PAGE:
Short supplies of Active Matrix Organic Light Emitting Diodes (AMOLED) are slowing the display technology’s bid to challenge the dominance of the incumbent AMLCD technology in the smart phone market, according to iSuppli Corp.
Rising rapidly, shipments of small-sized AMOLEDs used in mobile phones and other applications are projected to reach 184.5 million units by 2014, up from 20.4 million units in 2009, for a Compound Annual Growth Rate (CAGR) of 55.1 percent during the period. While such growth is impressive, the AMOLED figures pale next to small-sized AMLCD shipments, forecasted to rise to 1.75 billion units by 2014 from 1.3 billion in 2009.
At present, Samsung Mobile Displays (SMD) and LG Displays represent the only sources for AMOLED panels. SMD is investing $2.2 billion in its AMOLED facility by 2012 to ramp up production, while shipments now are limited at LG as the company has yet to increase production. In addition to the South Korean players, Taiwanese-based AU Optronics Corp. and TPO Display Corp. are planning to introduce AMOLED products at the end of 2010 or early 2011, but both companies are not shipping any significant quantities at this time.
Given the small pool of available AMOLED suppliers, manufacturers of volume applications such as mobile handsets understandably are concerned about the potential for disruptions in production if a part or component becomes delayed or ceases entirely. This is especially true with a company like Samsung, which has special relationships with its own internal brand, giving it preferential treatment over outside customers.
If the demand for AMOLEDs is so strong, why aren’t other manufacturers building production facilities and starting production more rapidly?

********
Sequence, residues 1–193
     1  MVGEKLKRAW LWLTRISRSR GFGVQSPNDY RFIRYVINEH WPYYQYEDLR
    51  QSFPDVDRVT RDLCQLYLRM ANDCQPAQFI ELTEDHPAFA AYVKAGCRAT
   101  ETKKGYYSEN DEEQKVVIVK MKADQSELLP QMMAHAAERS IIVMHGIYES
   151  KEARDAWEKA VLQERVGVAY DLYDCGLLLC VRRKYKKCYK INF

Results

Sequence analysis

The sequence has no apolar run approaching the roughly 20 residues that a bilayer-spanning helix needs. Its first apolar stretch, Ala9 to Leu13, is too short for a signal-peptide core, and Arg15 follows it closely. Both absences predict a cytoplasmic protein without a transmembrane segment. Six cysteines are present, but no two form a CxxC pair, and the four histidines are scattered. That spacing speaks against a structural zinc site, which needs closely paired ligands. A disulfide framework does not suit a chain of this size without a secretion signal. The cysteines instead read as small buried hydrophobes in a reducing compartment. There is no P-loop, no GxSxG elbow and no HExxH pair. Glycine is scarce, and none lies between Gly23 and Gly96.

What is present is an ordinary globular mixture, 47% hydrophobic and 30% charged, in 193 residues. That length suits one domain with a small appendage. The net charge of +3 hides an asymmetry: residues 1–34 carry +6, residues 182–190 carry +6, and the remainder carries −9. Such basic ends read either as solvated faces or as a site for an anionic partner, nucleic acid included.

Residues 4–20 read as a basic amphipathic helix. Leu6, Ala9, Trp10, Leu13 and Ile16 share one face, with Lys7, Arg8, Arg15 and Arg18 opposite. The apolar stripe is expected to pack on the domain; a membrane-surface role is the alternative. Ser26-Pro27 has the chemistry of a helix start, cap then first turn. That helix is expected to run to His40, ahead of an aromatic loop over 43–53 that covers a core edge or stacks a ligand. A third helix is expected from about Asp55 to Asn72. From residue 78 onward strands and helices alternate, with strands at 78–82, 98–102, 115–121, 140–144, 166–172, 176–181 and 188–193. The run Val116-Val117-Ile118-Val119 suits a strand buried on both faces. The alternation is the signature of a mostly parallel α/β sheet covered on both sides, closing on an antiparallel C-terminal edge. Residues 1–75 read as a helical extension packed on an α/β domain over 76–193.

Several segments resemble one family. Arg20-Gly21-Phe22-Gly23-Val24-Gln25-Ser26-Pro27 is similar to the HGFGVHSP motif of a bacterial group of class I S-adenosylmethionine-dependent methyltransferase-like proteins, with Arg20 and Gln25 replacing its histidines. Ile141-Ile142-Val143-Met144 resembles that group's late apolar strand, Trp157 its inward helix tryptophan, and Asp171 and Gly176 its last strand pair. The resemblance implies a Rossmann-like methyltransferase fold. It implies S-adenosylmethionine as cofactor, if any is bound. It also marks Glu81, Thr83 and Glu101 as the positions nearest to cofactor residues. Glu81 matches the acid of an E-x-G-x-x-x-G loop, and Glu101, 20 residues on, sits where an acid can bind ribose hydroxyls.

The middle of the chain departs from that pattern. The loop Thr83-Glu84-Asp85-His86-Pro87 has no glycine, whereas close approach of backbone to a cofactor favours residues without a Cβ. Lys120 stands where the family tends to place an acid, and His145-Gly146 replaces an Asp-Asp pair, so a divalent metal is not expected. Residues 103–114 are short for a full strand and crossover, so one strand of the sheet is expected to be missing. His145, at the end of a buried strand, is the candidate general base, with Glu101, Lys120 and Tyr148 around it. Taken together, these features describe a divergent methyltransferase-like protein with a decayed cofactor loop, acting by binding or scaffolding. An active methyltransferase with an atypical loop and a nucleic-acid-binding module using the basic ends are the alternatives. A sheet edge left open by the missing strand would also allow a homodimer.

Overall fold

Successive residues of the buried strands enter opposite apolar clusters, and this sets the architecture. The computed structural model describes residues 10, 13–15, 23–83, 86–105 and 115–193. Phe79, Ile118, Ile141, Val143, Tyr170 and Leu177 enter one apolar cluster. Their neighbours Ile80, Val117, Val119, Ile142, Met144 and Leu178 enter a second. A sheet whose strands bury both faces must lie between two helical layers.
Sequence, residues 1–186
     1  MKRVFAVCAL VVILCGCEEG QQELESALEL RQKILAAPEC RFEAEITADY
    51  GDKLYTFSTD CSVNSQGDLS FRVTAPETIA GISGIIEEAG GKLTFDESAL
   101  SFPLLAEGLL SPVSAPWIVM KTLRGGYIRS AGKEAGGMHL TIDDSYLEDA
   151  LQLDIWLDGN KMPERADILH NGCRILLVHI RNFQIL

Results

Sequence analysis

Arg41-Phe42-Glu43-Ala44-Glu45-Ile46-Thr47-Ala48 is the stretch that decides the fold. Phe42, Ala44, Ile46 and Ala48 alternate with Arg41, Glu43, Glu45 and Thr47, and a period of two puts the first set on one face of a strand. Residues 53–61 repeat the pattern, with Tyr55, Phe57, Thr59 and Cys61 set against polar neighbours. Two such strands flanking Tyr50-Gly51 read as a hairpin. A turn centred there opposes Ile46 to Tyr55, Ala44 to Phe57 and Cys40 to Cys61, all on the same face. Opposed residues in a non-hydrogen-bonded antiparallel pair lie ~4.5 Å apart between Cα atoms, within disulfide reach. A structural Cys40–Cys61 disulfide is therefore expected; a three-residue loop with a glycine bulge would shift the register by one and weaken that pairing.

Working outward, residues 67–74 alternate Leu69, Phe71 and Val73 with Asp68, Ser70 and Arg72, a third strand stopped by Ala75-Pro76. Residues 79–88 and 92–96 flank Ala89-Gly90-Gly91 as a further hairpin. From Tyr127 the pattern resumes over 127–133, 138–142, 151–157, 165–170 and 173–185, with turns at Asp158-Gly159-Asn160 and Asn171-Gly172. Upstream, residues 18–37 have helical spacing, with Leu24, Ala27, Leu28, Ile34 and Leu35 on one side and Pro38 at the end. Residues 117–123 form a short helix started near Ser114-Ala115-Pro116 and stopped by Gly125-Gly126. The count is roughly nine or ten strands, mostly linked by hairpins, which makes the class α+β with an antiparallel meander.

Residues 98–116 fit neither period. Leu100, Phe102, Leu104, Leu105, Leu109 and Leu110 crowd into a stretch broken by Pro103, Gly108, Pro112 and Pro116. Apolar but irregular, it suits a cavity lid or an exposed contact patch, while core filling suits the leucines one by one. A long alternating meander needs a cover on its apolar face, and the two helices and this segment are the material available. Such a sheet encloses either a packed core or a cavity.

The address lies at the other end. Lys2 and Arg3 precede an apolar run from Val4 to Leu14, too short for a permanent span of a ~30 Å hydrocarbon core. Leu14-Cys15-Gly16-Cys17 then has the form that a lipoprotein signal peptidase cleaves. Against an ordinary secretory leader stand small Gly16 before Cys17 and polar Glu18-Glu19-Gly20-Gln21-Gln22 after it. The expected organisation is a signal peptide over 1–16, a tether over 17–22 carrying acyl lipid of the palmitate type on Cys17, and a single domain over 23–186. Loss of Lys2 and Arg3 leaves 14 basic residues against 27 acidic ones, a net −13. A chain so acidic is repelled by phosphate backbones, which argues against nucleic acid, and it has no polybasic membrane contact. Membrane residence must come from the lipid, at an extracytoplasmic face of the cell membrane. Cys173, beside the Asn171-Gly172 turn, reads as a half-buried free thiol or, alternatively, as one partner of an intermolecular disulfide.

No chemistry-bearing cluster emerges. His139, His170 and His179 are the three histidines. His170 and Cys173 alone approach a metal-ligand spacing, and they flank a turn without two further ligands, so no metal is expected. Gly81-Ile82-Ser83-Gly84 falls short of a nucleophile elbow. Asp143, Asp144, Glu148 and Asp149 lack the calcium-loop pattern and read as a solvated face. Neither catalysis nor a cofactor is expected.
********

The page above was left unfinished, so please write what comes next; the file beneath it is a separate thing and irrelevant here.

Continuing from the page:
First, AMOLED is a newer technology compared to the well-established AMLCD, whose fabs are mature and mostly depreciated in full. This currently gives AMLCD fixed-cost advantages compared to AMOLED fabs that have been around only for the last few years. Second, newer technology means that establishing manufacturing processes could be prone to yield losses, leading to slower production ramp-ups. Third, with AMLCD improving its performance and simultaneously exerting pressure on display prices, competing with the moving performance and price target of LCDs not only is challenging for a new technology like AMOLED but also delays return on large investments.
Korean Initiatives in Play
With Samsung and LG spearheading the development of AMOLED, what the two companies do will determine whether the technology moves beyond its current niche status into a position in which the technology becomes a viable competitor for mobile handset displays.
To increase supply, Samsung is heavily investing in AMOLED and plans to have an additional Gen 5.5 fab up and running at the end of 2011. For its part, LG is starting a new Gen 4.5 fab that will manufacture both LTPS and AMOLED panels.
Overall, handset makers are pushing to make displays available in mass-volume production from AMOLED suppliers. In a market that is becoming highly competitive with a perceptible emphasis on distinctive features and improved performance, AMOLED may offer manufacturers crucial and much needed choices with which they can achieve product differentiation. Read More, Seasonal Slowdown Impacts Mobile Display Shipments in Q4 2009 >
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